Cuthbert Tunstall

Cuthbert Tunstall was the Bishop of Durham in most tumultuous times.

Under Henry VIII he buckled and capitulated to that king's break with Rome.

He was a friend of Sir Thomas More and Desiderius Erasmus

Under the more radical reformers in the days of Edward VI, he rediscovered his backbone and was imprisoned for his defense of the Catholic Faith.

Under Mary he was restored to favor.

He refused to join Elizabeth I in breaking with Rome once more.

She remanded him into the custody of Matthew Parker who kept him at Lambeth Palace for the rest of his life. Elizabeth and Bp. Tunstall were both in the tower for a time and became friends, so while she deprived him of his office, she also assured that he was treated gently and with grace for the remaining days of his life - a rare act of mercy in those times.

The above is a short Biography sent to me by Fr Donald Lowery. He wrote me a letter to tell me he had recieved from an English bookseller a collection of prayers written by Bishop Tunstall.

Here I present a redirect to the Catholic Encyclopedae of 1914 entry on Bp Tunstall...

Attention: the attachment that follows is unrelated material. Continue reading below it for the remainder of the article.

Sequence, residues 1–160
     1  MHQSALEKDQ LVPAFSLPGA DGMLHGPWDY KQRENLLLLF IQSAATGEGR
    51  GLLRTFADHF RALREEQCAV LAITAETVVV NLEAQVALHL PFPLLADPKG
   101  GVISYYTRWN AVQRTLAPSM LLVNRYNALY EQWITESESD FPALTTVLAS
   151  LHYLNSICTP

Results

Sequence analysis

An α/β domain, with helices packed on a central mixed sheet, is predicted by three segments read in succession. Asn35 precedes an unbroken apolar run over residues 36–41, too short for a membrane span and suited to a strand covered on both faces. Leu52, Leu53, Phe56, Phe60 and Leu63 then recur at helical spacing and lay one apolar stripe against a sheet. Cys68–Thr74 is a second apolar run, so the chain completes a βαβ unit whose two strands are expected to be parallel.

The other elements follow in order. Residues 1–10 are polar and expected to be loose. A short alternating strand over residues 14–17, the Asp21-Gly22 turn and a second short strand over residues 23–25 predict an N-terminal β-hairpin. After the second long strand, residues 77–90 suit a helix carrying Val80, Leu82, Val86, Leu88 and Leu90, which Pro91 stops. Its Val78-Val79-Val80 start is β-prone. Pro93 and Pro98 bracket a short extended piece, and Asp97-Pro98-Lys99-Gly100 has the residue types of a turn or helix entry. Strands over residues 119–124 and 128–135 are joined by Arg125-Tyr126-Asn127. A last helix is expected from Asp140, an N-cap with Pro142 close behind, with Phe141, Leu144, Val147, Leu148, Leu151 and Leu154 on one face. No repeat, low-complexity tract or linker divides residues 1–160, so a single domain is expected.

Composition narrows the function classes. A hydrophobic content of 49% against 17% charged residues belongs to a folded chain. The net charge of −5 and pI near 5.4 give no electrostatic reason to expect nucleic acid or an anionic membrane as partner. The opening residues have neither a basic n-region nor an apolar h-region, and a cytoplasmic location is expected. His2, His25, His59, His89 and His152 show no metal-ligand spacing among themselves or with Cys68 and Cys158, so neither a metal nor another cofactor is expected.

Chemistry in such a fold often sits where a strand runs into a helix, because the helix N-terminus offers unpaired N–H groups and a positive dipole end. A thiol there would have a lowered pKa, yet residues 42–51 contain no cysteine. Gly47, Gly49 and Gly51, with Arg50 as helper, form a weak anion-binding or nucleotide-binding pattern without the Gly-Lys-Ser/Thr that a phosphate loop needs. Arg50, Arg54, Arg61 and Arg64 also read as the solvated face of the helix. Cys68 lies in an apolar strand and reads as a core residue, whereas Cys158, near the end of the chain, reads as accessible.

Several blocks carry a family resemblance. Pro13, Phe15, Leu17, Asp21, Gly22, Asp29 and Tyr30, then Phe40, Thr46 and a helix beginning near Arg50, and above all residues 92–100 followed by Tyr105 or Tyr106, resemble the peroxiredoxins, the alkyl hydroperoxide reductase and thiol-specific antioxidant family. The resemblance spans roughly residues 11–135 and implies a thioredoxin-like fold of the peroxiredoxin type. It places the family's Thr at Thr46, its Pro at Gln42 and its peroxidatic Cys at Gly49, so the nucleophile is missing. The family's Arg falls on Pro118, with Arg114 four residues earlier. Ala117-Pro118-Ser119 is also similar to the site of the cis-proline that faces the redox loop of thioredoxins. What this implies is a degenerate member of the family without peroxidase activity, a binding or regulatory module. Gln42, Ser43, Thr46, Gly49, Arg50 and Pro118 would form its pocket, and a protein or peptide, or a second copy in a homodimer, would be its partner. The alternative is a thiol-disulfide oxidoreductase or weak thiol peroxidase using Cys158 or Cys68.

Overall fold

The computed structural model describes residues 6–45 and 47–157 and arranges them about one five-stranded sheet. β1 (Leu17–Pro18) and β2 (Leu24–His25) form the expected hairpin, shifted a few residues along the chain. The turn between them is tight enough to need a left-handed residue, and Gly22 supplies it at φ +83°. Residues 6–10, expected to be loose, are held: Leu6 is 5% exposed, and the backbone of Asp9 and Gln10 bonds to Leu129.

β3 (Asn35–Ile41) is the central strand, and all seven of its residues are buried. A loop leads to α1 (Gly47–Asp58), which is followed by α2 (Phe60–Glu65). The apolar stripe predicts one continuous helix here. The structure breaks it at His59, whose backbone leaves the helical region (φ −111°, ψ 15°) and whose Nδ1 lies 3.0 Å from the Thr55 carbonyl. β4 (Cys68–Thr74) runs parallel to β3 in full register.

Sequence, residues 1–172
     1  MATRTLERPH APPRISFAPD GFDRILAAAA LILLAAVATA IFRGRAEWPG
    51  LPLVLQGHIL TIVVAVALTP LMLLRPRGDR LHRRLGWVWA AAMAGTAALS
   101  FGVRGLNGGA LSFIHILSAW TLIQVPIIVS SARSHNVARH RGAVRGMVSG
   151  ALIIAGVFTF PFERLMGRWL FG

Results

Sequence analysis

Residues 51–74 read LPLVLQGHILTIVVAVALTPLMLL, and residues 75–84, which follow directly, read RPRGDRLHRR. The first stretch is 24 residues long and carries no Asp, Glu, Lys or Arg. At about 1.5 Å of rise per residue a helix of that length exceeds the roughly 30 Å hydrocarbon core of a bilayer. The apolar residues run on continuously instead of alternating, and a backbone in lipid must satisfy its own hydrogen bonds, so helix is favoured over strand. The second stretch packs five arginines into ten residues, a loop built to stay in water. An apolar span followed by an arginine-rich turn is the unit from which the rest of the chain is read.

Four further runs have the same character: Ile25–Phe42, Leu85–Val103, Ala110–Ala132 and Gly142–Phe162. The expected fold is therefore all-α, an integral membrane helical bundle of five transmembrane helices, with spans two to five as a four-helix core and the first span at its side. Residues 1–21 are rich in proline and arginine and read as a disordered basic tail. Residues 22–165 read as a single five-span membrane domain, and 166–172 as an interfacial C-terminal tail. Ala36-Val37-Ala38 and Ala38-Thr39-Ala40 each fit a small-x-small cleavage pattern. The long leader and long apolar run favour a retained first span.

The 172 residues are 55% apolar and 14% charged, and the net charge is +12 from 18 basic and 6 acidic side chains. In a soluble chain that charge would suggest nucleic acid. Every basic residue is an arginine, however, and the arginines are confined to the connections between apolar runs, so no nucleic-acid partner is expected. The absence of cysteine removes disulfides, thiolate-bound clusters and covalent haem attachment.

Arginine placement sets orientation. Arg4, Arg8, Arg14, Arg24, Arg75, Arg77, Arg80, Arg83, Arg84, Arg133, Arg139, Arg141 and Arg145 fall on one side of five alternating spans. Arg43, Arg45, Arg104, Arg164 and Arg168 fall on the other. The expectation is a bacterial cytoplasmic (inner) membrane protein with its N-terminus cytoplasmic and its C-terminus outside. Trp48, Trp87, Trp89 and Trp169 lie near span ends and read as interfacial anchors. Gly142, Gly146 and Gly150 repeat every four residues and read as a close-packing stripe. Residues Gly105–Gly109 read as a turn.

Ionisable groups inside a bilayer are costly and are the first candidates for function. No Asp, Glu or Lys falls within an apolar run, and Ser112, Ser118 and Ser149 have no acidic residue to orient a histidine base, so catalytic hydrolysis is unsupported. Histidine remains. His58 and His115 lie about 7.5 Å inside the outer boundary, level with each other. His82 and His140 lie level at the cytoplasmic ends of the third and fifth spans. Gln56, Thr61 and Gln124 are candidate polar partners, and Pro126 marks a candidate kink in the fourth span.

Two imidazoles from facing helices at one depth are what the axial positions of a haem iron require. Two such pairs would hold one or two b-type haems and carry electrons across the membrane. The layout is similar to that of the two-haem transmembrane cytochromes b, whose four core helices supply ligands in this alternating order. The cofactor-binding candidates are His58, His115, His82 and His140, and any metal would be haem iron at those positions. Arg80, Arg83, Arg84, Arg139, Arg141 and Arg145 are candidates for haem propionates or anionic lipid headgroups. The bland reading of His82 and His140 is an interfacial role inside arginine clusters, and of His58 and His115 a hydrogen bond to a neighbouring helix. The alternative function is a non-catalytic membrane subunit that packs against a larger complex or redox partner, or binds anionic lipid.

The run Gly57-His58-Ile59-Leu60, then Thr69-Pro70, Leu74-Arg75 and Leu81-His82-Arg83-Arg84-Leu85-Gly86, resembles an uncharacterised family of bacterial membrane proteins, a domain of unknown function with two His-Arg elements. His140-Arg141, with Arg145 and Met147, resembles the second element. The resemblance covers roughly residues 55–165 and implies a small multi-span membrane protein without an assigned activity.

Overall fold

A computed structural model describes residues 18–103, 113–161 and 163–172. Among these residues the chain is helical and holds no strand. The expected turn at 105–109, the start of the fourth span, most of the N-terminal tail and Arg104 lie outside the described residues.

"...Bishop of London, later of Durham, b. at Hackforth, Yorkshire, in 1474; d. at Lambeth Palace, 18 Nov., 1559. He studied both at Oxford and Cambridge, finally graduating LL.D. at Padua. Being an accomplished scholar both in theology and law, as well as in Greek and Hebrew, he soon won the friendship of Archbishop Warham, who on 25 Aug., 1511, made him his chancellor, and shortly after rector of Harrow-on-the-Hill. He became successively a canon of Lincoln (1514) and archdeacon of Chester (1515). He began his diplomatic career as ambassador at Brussels, in conjunction with Sir Thomas More, and there he lodged with Erasmus, becoming the intimate friend of both of them. Further preferments and embassies fell to his lot, till in 1522 he was appointed Bishop of London by papal provision. On 25 May, 1523, he became keeper of the privy seal; but neither the work this entailed nor fresh embassies prevented him from making a visitation of his diocese. A visit to Worms (1520-1) had opened his eyes to the dangers of the Lutheran movement and the evils arising from heretical literature. In the divorce question Tunstall acted as one of Queen Katherine's counsel, but he endeavoured to dissuade her from appealing to Rome. On 21 Feb., 1529-30, he was translated by the pope from the Diocese of London to the more important See of Durham, a step which involved the assumption of quasi-regal power and authority within the bishopric. During the troubled years that followed, Tunstall was far from imitating the constancy of St. John Fisher and St. Thomas More, yet he ever held to Catholic doctrine and practices. He adopted a policy of passive obedience and acquiescence in many matters with which he could have had no sympathy. With regard to the suppression of the monasteries, the king's ministers so feared his influence that they prevented his attendance at Parliament... " more...


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